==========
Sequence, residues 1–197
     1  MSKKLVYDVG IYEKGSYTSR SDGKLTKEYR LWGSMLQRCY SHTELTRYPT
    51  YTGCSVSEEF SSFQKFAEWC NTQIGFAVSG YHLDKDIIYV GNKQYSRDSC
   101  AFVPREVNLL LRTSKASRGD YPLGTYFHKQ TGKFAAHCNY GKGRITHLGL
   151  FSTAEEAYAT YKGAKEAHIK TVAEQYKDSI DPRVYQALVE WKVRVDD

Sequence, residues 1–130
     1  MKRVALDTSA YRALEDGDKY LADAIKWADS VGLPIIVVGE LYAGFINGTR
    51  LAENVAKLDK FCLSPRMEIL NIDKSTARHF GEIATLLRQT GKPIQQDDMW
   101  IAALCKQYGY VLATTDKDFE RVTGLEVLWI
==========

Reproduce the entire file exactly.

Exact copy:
Sequence, residues 1–197
     1  MSKKLVYDVG IYEKGSYTSR SDGKLTKEYR LWGSMLQRCY SHTELTRYPT
    51  YTGCSVSEEF SSFQKFAEWC NTQIGFAVSG YHLDKDIIYV GNKQYSRDSC
   101  AFVPREVNLL LRTSKASRGD YPLGTYFHKQ TGKFAAHCNY GKGRITHLGL
   151  FSTAEEAYAT YKGAKEAHIK TVAEQYKDSI DPRVYQALVE WKVRVDD

Sequence, residues 1–130
     1  MKRVALDTSA YRALEDGDKY LADAIKWADS VGLPIIVVGE LYAGFINGTR
    51  LAENVAKLDK FCLSPRMEIL NIDKSTARHF GEIATLLRQT GKPIQQDDMW
   101  IAALCKQYGY VLATTDKDFE RVTGLEVLWI